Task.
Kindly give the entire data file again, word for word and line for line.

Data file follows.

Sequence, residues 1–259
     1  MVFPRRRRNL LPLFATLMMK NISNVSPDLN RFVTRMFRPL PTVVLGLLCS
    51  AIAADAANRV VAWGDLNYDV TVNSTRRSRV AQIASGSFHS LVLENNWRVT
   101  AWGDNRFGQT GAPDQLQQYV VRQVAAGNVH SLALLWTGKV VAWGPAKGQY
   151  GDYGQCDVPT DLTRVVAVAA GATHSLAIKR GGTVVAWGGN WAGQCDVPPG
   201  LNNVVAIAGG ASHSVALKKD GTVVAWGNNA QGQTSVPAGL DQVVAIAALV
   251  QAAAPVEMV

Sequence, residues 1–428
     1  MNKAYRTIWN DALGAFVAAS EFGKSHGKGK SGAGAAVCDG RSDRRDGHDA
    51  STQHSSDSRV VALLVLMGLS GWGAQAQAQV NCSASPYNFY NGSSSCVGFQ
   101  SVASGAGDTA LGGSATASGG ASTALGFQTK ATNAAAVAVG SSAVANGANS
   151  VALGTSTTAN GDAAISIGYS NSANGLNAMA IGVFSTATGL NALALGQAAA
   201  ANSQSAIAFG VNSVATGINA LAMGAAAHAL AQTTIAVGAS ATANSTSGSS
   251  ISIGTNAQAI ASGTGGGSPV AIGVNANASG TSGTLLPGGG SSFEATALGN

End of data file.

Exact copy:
Sequence, residues 1–259
     1  MVFPRRRRNL LPLFATLMMK NISNVSPDLN RFVTRMFRPL PTVVLGLLCS
    51  AIAADAANRV VAWGDLNYDV TVNSTRRSRV AQIASGSFHS LVLENNWRVT
   101  AWGDNRFGQT GAPDQLQQYV VRQVAAGNVH SLALLWTGKV VAWGPAKGQY
   151  GDYGQCDVPT DLTRVVAVAA GATHSLAIKR GGTVVAWGGN WAGQCDVPPG
   201  LNNVVAIAGG ASHSVALKKD GTVVAWGNNA QGQTSVPAGL DQVVAIAALV
   251  QAAAPVEMV

Sequence, residues 1–428
     1  MNKAYRTIWN DALGAFVAAS EFGKSHGKGK SGAGAAVCDG RSDRRDGHDA
    51  STQHSSDSRV VALLVLMGLS GWGAQAQAQV NCSASPYNFY NGSSSCVGFQ
   101  SVASGAGDTA LGGSATASGG ASTALGFQTK ATNAAAVAVG SSAVANGANS
   151  VALGTSTTAN GDAAISIGYS NSANGLNAMA IGVFSTATGL NALALGQAAA
   201  ANSQSAIAFG VNSVATGINA LAMGAAAHAL AQTTIAVGAS ATANSTSGSS
   251  ISIGTNAQAI ASGTGGGSPV AIGVNANASG TSGTLLPGGG SSFEATALGN